One distinguishing feature of customary arbitration is that it is usually oral. This takes it      outside the ambit of statutory arbitration. From a long line of decided cases it is obvious that arbitration is not alien to customary jurisprudence.  This principle was stated in the following cases:  Ofomata & Ors v Anoka & Ors (1974) 4 EC.S.L.R 251; Assampong v Amuaku (1932) 1 WACA 192, Inyang & Ors v Essien & Ors (1957) 2 F.S.C. 39, and Foli v Akese (1930) 1 WACA 1.

Accordingly, Arbitration had been with us from time immemorial. This is because conflicts and controversies are normal occurrences in the daily life of the society. This is primarily a result of the different interests of persons in communal matters, personal claims, family affairs, labour relations, property interests, neighborhood relationships and activities of the Government, inter alia. To manage these conflicts and controversies, which ultimately result in disputes, the law of the land recognizes the rights of individuals, groups and the Government to go to Court. See Sections 6 and 36 of the 1999 Constitution of the Federal Republic of Nigeria.

However, failure of the Court system (which is adversarial in Nigeria), has led to the growing search for ALTERNATIVES to it (i.e. litigation). This fact is a major factor for the growth of Arbitration and ADR globally. But the pertinent question here is when did Arbitration and ADR begin in Nigeria?                                                                                                                              

From the above, it is obvious that customary Arbitration and ADR had been in existence in this part of the world long before the advent of the colonialists and colonialism and they are both still in existence.  Indeed, we see the advent of ADR as a re-statement of customary jurisprudence. This is so because the focus of ADR – interests and needs of the parties – is the focus of customary jurisprudence.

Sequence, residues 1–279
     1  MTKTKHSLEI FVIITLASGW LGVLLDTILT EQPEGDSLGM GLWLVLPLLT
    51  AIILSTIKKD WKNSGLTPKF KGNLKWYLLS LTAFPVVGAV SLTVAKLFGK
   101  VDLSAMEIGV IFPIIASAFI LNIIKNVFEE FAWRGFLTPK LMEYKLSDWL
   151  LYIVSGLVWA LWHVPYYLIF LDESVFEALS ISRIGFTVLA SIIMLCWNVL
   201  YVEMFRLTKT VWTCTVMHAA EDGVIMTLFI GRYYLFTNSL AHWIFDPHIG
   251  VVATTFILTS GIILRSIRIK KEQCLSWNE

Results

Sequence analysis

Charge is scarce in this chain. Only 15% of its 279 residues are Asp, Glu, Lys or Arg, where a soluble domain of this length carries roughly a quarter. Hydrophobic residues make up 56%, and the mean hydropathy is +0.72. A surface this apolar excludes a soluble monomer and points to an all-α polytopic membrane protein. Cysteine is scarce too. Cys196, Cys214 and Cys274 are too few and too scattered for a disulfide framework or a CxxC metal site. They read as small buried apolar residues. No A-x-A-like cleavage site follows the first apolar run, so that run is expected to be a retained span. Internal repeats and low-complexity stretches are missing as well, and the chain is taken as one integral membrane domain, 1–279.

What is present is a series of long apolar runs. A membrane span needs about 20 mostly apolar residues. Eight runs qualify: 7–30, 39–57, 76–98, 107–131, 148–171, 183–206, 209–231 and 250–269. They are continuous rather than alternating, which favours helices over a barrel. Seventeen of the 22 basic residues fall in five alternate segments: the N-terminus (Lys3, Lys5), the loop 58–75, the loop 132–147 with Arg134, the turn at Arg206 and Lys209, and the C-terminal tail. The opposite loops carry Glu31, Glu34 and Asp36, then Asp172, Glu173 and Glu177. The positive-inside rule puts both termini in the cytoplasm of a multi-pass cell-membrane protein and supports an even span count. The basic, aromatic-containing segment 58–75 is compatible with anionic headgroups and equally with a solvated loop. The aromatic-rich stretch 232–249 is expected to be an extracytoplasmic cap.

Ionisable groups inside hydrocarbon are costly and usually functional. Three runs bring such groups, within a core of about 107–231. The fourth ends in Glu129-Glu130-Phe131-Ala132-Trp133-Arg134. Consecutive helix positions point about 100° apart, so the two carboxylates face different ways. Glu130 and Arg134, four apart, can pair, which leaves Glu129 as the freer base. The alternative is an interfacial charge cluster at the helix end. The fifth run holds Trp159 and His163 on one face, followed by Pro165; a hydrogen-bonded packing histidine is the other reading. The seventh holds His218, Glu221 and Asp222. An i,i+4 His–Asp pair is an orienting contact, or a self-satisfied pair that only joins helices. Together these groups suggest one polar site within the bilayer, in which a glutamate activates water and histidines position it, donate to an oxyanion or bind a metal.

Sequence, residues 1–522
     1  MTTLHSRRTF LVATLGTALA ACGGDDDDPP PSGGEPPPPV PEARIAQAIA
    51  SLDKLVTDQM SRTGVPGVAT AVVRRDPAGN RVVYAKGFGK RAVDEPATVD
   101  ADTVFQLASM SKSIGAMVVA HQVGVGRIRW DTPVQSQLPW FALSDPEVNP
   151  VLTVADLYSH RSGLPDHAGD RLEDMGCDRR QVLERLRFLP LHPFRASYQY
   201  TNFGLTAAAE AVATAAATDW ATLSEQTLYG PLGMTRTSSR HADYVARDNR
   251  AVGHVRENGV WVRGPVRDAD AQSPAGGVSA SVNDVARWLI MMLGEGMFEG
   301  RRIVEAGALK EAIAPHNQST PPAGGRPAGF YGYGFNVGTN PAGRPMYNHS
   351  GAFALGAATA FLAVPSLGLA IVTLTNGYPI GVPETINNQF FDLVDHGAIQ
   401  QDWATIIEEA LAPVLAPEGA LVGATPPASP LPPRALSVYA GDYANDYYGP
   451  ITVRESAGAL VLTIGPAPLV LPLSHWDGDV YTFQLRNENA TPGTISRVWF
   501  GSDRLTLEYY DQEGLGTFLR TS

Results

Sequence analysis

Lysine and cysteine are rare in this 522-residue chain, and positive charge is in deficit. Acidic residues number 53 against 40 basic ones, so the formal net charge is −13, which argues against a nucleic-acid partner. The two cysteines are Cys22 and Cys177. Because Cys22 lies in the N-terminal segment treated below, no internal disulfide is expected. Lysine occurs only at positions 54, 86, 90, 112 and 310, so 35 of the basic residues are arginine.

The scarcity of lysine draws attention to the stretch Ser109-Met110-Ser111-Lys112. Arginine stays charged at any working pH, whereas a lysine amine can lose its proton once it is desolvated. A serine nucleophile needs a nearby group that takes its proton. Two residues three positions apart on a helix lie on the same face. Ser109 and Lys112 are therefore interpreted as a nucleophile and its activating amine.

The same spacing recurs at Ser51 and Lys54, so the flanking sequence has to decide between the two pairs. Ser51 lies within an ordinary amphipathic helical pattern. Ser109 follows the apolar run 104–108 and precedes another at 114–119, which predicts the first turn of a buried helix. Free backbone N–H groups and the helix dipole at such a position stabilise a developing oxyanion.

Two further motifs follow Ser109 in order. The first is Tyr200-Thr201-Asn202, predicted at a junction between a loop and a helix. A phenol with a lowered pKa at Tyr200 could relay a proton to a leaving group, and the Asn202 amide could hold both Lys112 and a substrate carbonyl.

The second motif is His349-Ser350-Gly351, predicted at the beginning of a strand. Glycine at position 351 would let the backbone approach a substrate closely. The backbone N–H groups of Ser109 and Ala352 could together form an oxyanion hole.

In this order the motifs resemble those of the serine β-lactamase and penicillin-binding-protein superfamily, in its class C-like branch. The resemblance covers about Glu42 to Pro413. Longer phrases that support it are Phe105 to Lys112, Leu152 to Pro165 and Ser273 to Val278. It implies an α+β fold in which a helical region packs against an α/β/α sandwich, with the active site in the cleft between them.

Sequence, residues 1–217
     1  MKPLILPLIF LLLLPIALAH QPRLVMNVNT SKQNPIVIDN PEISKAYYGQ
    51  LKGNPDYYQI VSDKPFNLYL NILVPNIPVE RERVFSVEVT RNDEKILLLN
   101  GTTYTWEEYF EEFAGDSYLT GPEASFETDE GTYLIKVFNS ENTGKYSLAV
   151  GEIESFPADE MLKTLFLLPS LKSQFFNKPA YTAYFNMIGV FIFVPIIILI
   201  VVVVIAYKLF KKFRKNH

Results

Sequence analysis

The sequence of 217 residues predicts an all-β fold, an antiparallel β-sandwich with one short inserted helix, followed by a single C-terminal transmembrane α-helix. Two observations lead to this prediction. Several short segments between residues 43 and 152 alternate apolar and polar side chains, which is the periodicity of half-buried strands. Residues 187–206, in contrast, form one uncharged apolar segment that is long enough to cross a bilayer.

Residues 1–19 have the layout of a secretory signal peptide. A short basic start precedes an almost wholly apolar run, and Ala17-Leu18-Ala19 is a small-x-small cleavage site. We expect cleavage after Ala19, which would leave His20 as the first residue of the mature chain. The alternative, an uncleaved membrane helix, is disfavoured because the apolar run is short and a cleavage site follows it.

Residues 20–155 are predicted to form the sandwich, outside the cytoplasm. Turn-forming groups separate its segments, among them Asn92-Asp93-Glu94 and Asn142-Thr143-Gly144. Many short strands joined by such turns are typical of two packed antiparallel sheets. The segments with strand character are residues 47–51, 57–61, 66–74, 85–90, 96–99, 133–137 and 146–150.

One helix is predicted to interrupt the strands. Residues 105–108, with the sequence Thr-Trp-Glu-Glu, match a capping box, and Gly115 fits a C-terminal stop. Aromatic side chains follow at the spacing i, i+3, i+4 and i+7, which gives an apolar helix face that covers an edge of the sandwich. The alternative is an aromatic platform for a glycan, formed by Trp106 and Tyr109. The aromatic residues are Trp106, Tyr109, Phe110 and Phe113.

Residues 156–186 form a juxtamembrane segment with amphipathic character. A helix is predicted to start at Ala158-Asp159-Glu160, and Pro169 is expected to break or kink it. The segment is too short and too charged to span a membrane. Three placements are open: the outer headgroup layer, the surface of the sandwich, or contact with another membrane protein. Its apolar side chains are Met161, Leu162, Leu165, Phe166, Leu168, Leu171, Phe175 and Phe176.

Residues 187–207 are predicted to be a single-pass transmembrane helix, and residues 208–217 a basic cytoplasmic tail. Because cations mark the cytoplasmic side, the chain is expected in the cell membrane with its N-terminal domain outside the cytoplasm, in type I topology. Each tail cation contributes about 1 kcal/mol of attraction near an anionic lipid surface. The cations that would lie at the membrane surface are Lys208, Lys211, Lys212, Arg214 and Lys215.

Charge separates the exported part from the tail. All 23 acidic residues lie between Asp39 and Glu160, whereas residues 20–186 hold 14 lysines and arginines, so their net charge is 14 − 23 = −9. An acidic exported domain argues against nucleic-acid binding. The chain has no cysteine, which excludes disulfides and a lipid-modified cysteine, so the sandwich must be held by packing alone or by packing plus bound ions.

The primary sources of the Nigerian law of Arbitration are the English Common Law, the Nigerian Customary Law and Nigerian Statutes.  The Local Enactments on Arbitration and ADR in Nigeria incorporated the English Common Law, Doctrine of Equity, together with the English Statutes of general application, into the country during the period of the Colonial Administration of the country. Consequently, English Common Law rules on Arbitration are part of our Law. However, the Arbitration Ordinance, Ordinance 16 of 1914 which was an adaptation of the 1889 English Arbitration Act, was the first legislative enactment on Arbitration in Nigeria.  This was later re-enacted as Arbitration Act, Cap 13, Laws of the Federation of Nigeria, 1958.  It will also be recalled that Nigeria was a unitary state till 1954.